Neighbor to Neighbor: Man, beast show grit as rodeo comes to town

By Barbara Morris

When The Black Cowboys participated in the Laurelton Street Fair earlier this year, one of them, Howie) told me they would appear in a rodeo at the National Guard Armory in Jamaica in November. I marked the dates on my calendar: Nov. 10 and 11.

The weather wasn't great Friday, Nov. 10, but my friend, Bess Jones, and I are both gardeners so we appreciated the rain – and we wanted to support our Black Cowboy friends in the evening.

The massive concrete floor of the armory had been transformed into a huge corral complex, covered by a deep bed of earth. The outer edge was made up of bleachers with food, drink, and other items for sale near the entrance.

The horses and cattle were penned at both ends of the arena. The show began with a tribute to each branch of the U. S. armed services, since it was the Veterans' Day weekend. Each branch was represented by a rider carrying the flag of that group. When each was in the arena, the audience rose as The Star Spangled Banner was sung. As our national anthem came to a close, there was a cheer, and then a hush, as the first bucking bronco was readied for release.

The gate to the stall opened and that very honest horse charged out, kicking his heels high in the air, snorting, and showing great determination to get rid of his rider in a hurry, we were surprised that the cowboy stayed on all the nag to the middle of the arena, but finally, he went off in a heap.

Other riders, and a clown, moved in between the downed rider and the still kicking bronco. Bess and I had bumped into another friend, Chita Brathwaite, her daughter, and a youngster friend. I heard Chita say, “I think he's really hurt.” I thought the same thing. Luckily, we were both wrong, or, at least, he was not too badly hurt. He limped away to the cheers of the crowd,

Rider after rider fell to the same fate, although some never even made it to the center of the arena. The foot of one rider, in fact, got caught in the tackle as he was being tossed off, and he was dragged around for quite some distance. That was a frightening sight for me to see, and Bess laughed at me for covering my eyes. Cowboys and cowgirls are tough people though, and even he came up smiling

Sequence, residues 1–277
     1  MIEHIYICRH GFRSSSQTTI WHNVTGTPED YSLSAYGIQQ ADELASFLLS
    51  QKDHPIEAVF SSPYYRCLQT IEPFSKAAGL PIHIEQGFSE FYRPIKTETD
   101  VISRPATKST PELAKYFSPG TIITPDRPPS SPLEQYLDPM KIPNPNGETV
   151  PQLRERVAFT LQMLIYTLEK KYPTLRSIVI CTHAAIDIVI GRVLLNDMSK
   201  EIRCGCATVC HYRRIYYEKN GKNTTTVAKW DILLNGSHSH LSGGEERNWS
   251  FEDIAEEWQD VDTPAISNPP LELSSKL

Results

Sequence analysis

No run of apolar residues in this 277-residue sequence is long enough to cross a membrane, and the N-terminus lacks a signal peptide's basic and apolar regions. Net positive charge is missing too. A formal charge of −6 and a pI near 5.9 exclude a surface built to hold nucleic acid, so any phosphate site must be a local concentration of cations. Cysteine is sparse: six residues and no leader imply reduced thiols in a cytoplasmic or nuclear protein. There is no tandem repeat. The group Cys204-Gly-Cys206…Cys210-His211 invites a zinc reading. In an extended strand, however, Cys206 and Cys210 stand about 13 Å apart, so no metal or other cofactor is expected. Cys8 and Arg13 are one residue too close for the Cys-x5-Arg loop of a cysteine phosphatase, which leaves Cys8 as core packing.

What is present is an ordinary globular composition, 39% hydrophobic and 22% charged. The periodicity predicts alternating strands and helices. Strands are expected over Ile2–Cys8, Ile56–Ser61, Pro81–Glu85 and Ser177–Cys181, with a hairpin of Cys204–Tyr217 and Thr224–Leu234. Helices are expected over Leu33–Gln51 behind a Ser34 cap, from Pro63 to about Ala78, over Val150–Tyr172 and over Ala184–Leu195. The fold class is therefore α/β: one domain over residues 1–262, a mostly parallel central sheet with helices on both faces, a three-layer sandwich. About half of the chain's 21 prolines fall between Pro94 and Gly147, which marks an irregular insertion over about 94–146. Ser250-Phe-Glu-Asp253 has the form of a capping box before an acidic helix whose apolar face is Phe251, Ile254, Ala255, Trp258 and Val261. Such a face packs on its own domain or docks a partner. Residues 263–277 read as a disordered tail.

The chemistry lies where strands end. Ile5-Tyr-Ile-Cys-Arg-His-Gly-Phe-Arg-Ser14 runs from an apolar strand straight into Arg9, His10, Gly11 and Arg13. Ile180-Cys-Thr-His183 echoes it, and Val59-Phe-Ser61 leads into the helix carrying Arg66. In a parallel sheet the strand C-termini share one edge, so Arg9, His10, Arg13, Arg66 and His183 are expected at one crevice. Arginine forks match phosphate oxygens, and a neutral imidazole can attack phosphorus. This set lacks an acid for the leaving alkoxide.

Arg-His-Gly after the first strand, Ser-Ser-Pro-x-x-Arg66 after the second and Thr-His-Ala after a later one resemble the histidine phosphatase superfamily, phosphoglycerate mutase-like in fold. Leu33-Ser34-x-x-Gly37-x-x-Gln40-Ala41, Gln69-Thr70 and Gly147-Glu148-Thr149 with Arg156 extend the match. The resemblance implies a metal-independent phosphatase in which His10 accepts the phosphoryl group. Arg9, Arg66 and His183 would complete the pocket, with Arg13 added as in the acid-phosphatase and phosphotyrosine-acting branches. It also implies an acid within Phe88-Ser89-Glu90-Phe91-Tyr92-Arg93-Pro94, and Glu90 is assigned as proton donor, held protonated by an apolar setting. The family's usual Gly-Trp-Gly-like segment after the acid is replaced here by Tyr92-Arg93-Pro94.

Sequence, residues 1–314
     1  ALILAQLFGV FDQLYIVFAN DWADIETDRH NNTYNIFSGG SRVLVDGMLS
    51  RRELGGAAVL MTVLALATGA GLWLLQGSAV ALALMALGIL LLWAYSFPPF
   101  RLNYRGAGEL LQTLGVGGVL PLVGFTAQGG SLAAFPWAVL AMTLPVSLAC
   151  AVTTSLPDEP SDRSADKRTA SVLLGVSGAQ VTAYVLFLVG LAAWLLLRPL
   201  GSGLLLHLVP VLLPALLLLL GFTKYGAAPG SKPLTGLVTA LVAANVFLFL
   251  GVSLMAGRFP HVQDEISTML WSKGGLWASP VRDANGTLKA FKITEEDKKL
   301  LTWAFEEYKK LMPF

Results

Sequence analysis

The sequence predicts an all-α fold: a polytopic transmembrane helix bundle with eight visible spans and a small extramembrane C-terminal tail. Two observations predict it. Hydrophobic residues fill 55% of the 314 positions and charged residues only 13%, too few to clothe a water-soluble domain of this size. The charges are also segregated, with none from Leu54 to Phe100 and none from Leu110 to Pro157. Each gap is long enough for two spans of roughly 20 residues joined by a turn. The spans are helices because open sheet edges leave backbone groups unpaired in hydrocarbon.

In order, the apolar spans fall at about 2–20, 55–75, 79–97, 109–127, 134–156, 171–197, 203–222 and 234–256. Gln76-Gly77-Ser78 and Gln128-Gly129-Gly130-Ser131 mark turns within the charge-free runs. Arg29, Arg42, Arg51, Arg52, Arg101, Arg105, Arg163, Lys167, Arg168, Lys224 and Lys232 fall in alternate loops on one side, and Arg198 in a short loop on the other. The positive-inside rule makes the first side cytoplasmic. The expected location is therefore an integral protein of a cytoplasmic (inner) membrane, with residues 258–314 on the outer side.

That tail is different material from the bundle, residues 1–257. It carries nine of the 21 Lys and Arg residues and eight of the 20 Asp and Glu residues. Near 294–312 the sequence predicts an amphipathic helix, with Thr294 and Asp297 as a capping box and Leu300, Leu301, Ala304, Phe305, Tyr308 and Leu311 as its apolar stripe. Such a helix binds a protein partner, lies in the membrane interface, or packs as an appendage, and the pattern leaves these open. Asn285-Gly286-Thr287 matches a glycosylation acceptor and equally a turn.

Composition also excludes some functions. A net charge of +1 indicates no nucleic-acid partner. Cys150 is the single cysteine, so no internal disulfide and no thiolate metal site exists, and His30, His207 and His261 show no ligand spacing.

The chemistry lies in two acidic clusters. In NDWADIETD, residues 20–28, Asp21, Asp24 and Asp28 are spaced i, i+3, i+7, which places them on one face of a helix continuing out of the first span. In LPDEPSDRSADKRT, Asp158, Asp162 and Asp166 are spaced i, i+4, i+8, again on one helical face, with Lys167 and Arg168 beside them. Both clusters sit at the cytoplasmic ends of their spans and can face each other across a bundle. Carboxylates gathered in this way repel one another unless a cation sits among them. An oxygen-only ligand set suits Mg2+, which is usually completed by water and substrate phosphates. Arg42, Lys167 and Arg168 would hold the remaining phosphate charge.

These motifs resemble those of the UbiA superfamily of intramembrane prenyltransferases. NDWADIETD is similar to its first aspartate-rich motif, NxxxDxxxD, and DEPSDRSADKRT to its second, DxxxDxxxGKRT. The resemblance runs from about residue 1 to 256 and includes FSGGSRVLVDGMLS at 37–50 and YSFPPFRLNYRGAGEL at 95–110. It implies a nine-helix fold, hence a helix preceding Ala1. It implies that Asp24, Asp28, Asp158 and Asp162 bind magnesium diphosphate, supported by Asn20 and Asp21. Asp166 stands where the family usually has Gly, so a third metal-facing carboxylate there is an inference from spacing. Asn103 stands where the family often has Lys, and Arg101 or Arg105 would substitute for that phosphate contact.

There is always a variety of events at rodeos, and this one had them all, since this was a sanctioned show – Steer wrestling, barrel racing with the ladies participating, calf roping, and, or course, bull riding. They were all exciting!

The crowd, I'm very happy to report, was extremely well-behaved and appreciative of the good time they afforded all of us. We were particularly glad to see so many youngsters and parents having an enjoyable evening together, and to know none or the performers, human or animal, was hurt.

Those beautiful horses reminded me of the days when riding wasn't so expensive and my sister and I would go over the bridge to Whitey's Riding Academy in Rosedale every week, or I would go, after work, to Claremont Riding Academy in Manhattan.

Five minutes atop a horse and I would forget all of the day's turmoils. It was wonderful! Even then, though, I could not imagine how anyone in a right mind would voluntarily climb onto a bucking bronco or bull. There is, I'm told, big money for the winners, so I guess there will always be someone willing to take that risk.

I'm no real gambler, so I guess I'll stick to some less risky way to possibly come into a windfall -like the fund-raiser for one of my favorite volunteer groups, The Cornucopia Society. Their raffles are $20, which may be only a donation for non-winners, but it might be a chance to have a good start on a nest egg for the winner. And it's for a good cause – helping the food pantry and other worthwhile community projects and, maybe, help get water and a bathroom back into the Rosedale Sports Building.

Interested? Call 718-341-1395. Come on, take a chance, but most important, help others, and yourself, have a really HAPPY THANKSGIVING.

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